Teaching kids the value of money

Even Dante De Gori, CEO of the Financial Planning Association of Australia admits "We learn by doing and experiencing, so with the digital environment, I think it does present a unique challenge in terms of teaching kids about money today". * 

Girl with piggy bank image

Mobile and card payments are fast becoming the only way to pay. Research commissioned by The Royal Australian Mint has found that 67 per cent of parents worry that the switch to mobile and card payments will affect a child’s ability to understand the value of money. 

In a world where cashless technology is on the rise, how do we help kids build a connection to money? Aunties, uncles, grandparents and friends hand out gold coins, or notes for birthday treats. The kids run off and add these gifts to their piggy bank. But, what else can we do?

We’ve highlighted some simple ideas to help teach kids about money. Regardless of whether you’re a parent or not, you can positively impact the financial lives of the kids in your life.

Start saving with three jars

A popular idea is to create three jars, one for spending, one for saving and one for sharing. A piggy bank is a fun way to create physical contact with money. Take this one step further and implement the three jar concept and teach them to manage money to spend, save and share.

Open a bank account

Once they’ve saved some money, you might like to open a bank account. By helping them deposit their money into their own account they’ll gain a better understanding of how money works. As they watch their money grow they’ll be motivated to continue saving.

Provide a good example

What are the kids learning from you? Your actions will help them learn self-discipline when it comes to spending. Showing them how to prioritise ‘needs’ versus ‘wants’ will help them make wise choices when it comes to spending their own money.

Help them set goals

A great way to illustrate the concepts of time and money is to track their efforts on a timeline. Let’s say your child wants to save for a new Lego set. Grab a large piece of paper and record each time money goes into their savings account from $0 to the goal amount. Keep this in a prominent place, such as on the fridge door. This is a fun way for them to see how much they’ve saved and how far they’ve got to go to reach their goal.

Introduce pocket money

You can get your kids thinking about where money comes from by rewarding them for small jobs they would not usually do. Do the leaves need raking? Can they help wash the car? Occasionally you’ll still see the old ‘lemonade stand’ make an appearance in your street. Does your child have an entrepreneurial spirit? What ideas do they have that you could encourage?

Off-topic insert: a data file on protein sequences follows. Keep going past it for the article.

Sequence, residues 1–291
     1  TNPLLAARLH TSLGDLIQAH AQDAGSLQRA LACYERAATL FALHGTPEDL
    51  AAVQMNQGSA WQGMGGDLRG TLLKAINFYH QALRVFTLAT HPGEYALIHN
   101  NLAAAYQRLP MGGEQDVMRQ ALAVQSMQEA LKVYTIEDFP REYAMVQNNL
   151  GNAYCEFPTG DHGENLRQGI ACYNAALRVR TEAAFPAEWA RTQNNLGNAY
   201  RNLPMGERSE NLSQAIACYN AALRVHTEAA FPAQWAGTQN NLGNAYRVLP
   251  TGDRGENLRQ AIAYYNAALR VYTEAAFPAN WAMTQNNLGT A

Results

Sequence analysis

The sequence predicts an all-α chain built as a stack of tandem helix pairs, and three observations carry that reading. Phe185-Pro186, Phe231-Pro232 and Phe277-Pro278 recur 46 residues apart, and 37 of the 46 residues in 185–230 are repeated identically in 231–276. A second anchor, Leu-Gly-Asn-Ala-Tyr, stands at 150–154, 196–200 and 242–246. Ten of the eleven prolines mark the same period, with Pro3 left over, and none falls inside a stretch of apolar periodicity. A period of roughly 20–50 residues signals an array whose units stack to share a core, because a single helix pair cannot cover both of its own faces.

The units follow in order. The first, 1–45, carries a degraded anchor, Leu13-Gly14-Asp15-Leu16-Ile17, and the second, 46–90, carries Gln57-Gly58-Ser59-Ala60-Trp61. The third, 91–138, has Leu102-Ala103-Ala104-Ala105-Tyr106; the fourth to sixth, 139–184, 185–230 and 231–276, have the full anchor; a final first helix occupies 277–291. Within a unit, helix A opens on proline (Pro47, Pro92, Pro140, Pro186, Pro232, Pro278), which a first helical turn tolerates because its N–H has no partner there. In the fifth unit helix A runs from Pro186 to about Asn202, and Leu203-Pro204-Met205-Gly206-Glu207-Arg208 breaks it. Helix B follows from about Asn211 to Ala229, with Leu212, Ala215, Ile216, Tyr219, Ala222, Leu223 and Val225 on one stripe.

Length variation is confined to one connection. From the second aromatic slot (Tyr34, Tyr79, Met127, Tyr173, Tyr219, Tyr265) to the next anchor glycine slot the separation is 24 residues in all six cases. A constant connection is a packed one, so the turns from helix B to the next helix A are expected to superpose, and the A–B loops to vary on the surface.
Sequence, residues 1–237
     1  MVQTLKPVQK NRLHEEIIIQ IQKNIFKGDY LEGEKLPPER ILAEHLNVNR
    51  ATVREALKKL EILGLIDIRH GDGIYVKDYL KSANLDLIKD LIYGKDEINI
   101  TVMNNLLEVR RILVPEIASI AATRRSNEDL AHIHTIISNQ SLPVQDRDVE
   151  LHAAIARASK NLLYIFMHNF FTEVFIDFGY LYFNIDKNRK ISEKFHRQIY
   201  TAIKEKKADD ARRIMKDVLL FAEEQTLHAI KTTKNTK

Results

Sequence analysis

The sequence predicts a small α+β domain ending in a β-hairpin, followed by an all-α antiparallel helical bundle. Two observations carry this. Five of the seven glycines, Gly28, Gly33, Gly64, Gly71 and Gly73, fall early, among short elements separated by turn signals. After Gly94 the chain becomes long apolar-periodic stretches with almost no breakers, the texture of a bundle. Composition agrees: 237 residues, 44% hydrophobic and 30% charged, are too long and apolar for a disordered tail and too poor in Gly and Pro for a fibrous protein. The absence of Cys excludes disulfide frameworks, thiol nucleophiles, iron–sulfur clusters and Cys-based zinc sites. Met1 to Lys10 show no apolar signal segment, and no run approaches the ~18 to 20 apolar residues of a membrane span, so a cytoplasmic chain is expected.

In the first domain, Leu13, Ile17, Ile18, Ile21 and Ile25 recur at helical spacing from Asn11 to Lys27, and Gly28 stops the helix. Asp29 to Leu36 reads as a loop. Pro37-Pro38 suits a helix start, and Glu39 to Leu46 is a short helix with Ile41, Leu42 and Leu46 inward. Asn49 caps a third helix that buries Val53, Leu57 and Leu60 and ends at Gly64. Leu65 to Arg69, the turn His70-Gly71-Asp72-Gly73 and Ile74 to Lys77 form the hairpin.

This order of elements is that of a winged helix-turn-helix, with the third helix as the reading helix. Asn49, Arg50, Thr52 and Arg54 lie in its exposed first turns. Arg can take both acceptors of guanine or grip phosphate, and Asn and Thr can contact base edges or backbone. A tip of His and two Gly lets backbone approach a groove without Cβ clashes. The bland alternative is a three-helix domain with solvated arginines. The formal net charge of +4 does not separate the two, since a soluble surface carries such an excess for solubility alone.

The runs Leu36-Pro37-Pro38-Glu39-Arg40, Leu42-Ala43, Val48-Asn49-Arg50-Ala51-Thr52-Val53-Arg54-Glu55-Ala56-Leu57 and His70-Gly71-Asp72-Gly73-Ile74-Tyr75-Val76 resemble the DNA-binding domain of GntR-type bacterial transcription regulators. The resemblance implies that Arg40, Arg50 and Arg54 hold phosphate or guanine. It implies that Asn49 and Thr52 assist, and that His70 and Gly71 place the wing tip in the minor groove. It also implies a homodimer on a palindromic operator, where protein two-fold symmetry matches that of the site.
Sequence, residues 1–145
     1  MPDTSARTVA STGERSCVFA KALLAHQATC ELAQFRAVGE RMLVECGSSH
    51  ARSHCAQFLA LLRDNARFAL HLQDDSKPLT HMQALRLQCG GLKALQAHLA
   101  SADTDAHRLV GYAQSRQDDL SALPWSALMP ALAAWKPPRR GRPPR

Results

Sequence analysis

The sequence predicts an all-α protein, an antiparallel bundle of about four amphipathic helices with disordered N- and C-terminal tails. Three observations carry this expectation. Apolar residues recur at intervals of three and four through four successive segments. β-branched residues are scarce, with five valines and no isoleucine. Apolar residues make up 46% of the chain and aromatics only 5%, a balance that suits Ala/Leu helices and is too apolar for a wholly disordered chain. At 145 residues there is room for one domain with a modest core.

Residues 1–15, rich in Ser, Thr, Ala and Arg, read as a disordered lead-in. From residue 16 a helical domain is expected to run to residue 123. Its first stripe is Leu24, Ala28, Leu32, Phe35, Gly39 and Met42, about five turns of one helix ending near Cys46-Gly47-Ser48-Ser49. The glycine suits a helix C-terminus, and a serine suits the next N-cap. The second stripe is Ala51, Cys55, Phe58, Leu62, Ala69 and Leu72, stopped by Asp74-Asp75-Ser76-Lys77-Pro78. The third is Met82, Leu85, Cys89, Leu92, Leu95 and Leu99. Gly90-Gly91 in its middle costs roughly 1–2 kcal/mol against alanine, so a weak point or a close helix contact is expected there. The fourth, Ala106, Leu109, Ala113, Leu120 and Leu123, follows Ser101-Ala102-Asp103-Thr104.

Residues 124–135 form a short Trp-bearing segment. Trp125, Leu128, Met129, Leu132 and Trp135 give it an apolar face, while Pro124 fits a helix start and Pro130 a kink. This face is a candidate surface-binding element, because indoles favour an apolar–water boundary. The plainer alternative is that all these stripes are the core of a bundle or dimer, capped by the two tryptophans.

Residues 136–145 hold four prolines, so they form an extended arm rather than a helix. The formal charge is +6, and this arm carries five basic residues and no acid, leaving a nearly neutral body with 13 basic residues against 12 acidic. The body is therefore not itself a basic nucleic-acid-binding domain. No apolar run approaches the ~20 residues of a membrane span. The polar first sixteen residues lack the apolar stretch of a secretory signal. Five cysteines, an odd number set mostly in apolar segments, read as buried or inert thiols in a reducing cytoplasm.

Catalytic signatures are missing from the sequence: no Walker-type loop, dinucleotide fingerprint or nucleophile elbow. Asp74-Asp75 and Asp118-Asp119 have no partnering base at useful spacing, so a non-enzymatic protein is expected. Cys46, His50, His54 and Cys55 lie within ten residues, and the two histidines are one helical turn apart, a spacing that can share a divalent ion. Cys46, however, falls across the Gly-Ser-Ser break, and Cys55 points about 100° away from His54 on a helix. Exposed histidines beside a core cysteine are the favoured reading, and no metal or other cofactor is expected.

As kids reach late-primary school age, paying pocket money digitally can also help show them how to keep track of where each dollar goes. You can help keep track of finances together and talk to them about carefully planning and saving for any future buys. Also discuss ideas like opportunity cost. Help them understand they cannot automatically get everything they want, there is often a trade-off. It will also help them  understand the concept that digital money is still hard-earned money, and in order to stay ahead financially, you need to be spending less than what you earn.

Educating kids about money is about building money awareness into everyday situations. Opportunities to talk about money are everywhere. At the petrol station you can talk about the highs and lows in the petrol prices and the importance of planning when purchasing and comparing prices. Or if your kid loves mangoes, you could discuss how they're expensive when they are out of season, and perhaps explain why it may be cheaper to buy them from the markets than the corner store.

The value of a great financial understanding early in life is priceless. 

Need help with your finances? 

Navigating the world of finance can be overwhelming even for an adult. With some smart planning and a good strategy, you can get your finances under control. If you’d like some help, TelstraSuper Financial Planning can provide advice covering a range of topics. You can get tailored financial advice from TelstraSuper Financial Planning via phone or video conference without compromising on service. Call us on 1300 033 166.

 

*https://www.abc.net.au/life/teaching-your-kids-about-personal-finance-in-the-age-of-digital/11301156
^https://www.bhg.com.au/7-ways-to-teach-kids-the-value-of-money